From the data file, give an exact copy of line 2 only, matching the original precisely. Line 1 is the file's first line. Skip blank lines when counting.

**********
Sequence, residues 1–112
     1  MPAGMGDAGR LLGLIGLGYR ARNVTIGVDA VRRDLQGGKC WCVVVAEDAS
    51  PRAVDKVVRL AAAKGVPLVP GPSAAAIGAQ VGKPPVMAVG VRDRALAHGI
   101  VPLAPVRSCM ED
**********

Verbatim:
     1  MPAGMGDAGR LLGLIGLGYR ARNVTIGVDA VRRDLQGGKC WCVVVAEDAS